However, if the actual exchange rate were $2.8 for every £1 that would mean that the USD is undervalued by 100%!!!

As you can see from above when you compare the Big Mac Index number to the exchange rate you can tell whether the currency is above or below its target exchange rate.

What does the McDonalds index really measure?

The Big Mac index effectively gives us a tool to determine whether the market is right, It doesn’t just measure the prices of your favourite food.

If the Big Mac index is telling you a currency is overvalued, it is not because Maccies are charging too much for their burgers, it could be for a whole number of reasons to do with that country’s economy, maybe low public sending or too many unsustainable imports.

The big mac index is like a test for a currency, it will not tell you why it is over or under-valued, but it will allow you to go and confirm it for yourself with research.

For example, A burger in Thailand costs 25% less than in America when its price is converted to dollars at prevailing exchange rates, suggesting that the Thai baht is undervalued.

Once we have this information, we would conduct more fundamental analysis to help s determine why the Thai baht is undervalued and assess whether this is worth adding to our portfolio.

Why is the Big Mac Index useful?

Traders are always looking for new and innovative ways to gain an edge on the market, as if (as a trader) you can form a reliable idea of future movement in price then you can position your portfolio to meet this bias.

Indexes and indictors that can be found all over the place normally look at very specific sets of data and certain aspects of a currency.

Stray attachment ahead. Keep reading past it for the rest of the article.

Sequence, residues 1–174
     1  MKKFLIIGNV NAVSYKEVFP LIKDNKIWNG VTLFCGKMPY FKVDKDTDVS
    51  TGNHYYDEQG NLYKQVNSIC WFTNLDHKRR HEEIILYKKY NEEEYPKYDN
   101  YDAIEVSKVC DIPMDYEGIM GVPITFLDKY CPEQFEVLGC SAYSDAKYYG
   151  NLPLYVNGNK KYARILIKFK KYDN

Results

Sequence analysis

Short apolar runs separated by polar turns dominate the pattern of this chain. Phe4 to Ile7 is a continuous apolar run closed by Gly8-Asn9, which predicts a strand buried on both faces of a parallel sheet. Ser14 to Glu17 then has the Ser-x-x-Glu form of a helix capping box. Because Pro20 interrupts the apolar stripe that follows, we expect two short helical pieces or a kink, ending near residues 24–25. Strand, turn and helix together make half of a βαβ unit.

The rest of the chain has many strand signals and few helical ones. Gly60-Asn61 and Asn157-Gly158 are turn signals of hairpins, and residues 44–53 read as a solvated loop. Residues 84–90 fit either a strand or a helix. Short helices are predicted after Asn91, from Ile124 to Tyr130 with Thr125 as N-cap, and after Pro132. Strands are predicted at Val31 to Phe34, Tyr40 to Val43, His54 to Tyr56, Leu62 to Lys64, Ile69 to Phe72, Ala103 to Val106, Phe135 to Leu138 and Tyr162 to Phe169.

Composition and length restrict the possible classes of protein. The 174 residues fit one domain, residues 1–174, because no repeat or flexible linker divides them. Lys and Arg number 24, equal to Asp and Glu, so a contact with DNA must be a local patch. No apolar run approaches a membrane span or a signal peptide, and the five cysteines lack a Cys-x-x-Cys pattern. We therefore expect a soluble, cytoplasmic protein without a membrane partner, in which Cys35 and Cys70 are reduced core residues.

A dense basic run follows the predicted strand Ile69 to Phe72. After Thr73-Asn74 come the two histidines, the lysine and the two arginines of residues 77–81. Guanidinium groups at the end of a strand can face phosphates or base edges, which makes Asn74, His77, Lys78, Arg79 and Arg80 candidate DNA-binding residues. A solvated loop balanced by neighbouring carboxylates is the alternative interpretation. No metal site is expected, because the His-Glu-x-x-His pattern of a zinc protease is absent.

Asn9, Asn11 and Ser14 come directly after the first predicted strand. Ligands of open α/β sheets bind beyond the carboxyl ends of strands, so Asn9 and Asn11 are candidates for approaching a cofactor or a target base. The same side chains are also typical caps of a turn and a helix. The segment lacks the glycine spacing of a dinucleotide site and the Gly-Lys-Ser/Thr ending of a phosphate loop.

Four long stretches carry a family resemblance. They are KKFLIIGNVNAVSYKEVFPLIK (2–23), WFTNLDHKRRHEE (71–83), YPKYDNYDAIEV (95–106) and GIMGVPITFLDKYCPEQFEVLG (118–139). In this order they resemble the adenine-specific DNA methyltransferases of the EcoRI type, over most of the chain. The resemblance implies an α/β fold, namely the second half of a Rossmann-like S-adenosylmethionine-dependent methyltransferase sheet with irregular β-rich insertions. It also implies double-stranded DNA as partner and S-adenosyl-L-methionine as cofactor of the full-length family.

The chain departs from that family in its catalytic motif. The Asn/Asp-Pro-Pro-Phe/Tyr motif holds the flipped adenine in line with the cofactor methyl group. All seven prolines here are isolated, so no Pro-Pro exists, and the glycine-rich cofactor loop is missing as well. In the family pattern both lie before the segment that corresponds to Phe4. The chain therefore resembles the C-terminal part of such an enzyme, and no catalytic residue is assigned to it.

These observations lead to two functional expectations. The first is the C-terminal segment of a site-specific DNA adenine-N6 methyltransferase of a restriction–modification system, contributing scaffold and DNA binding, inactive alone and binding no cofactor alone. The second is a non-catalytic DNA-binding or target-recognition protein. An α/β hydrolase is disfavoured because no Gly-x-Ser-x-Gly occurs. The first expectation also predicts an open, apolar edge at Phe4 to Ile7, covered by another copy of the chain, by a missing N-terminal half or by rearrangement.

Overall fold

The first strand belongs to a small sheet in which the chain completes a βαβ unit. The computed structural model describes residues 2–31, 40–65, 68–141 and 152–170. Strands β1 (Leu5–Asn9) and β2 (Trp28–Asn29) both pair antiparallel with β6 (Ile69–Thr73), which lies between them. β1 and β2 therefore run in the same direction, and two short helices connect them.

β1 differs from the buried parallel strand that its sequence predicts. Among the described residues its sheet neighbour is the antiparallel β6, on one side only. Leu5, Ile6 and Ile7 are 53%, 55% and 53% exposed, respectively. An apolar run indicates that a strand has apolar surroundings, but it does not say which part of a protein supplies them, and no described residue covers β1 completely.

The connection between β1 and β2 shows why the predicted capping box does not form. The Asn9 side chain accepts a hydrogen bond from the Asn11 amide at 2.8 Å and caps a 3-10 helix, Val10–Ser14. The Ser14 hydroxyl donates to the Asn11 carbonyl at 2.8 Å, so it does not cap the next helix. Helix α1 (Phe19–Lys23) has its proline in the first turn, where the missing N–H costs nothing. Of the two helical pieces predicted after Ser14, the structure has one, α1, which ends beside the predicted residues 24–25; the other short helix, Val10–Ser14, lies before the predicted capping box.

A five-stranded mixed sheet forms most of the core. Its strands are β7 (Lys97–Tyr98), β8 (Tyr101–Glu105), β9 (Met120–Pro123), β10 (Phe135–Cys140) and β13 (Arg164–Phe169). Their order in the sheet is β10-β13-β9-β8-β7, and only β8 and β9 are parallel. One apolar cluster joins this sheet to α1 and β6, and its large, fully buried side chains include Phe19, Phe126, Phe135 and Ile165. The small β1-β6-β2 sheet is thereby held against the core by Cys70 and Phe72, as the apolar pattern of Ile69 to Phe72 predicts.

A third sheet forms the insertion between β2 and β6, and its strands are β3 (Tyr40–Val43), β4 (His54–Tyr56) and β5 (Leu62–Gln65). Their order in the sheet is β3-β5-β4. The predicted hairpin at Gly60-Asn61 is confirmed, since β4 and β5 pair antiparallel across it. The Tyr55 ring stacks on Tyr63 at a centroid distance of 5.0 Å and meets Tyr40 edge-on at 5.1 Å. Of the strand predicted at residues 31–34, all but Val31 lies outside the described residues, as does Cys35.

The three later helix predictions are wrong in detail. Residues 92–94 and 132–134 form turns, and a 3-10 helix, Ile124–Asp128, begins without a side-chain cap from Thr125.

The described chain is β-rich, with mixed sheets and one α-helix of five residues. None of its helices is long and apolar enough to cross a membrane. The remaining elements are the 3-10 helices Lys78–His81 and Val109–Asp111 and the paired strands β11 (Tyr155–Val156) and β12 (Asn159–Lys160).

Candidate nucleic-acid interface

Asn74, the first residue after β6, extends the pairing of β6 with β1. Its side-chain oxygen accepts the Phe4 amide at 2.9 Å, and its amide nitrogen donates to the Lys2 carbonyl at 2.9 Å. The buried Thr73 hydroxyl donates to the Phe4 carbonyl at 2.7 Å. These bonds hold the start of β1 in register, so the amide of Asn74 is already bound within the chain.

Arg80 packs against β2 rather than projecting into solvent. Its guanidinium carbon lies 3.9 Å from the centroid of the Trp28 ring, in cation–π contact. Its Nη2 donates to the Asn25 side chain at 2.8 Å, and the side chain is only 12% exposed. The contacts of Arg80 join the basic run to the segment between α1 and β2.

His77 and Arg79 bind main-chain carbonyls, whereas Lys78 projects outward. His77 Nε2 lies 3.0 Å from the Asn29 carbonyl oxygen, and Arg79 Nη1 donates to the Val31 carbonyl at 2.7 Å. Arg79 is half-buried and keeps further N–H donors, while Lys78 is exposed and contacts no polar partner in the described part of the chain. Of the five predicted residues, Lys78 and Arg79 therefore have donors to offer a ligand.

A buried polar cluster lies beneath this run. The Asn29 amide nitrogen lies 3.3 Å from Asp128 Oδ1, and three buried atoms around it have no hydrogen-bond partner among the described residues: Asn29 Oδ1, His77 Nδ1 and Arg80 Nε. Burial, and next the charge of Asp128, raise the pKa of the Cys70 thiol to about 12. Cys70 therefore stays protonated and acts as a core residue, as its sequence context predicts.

The Big Mac Index on the other hand gives you a big picture or ‘fundamental’ look at a currency comparison.

Opportunity is another big thing that traders struggle to find, finding currencies with potential for growth is effectively the name of the ‘macro investing game’. This is because finding a currency that is undervalued represents an opportunity to get in on the market early.

Getting in on a market with big potential for growth is what yields the highest returns, being able to get in at the start of a trend is way more valuable than turning u a few weeks late…

The Big mac index and fundamental analysis in general is a comprehensive way to spot market trends before they happen, therefore giving you the best shot at getting in at the start of a movement.

How do I know if a currency is Undervalued or Overvalued?

Currency value is a hard thing to analyse, there are so many ways to do it that it can become complicated…

Some traders decide to solely rely on price action and chart patterns to tell them where to enter their trades.

Naturally this small-minded approach to trading can produce inconsistent and sometimes even no returns.

Professional Forex traders know that currency value cannot be accurately determined using technical analysis, there needs to be a bigger picture approach to the currency and the economy that the currency is a part of.

This is called fundamental analysis.

The Big Mac Index is one tool that traders can use to gain a big picture view on what the value of a certain currency is other examples such as, interest rate decisions and consumer confidence surveys.

Some different tools that traders use as well as the Big Mac Index will be…

- The difference between Interest rates between countries.

- The difference between GDP in two different countries.

- Import and Export data

- Employment numbers

And a whole variety of tools laid out in this article!

How do Forex Traders Use Big Mac Index?

As previously stated, traders use the Big Mac Index to give them insight into whether a currency is under or over-valued, this will then lead to the respective trader planning on whether to long or go short (buy or sell) the currency.

With the most successful traders the Big Mac Index falls under the value section of their strategies, this value section is part of a three-step system to gain a big picture bias on a currency…


The first step is value, this is the most important and probably the most complex step, we use fundamental analysis (including the Big Mac Index) to determine whether trade idea is good or bad and equate its value.

  • If the fundamentals look good that means the trade is of a high value and there is huge potential for our bias to be confirmed.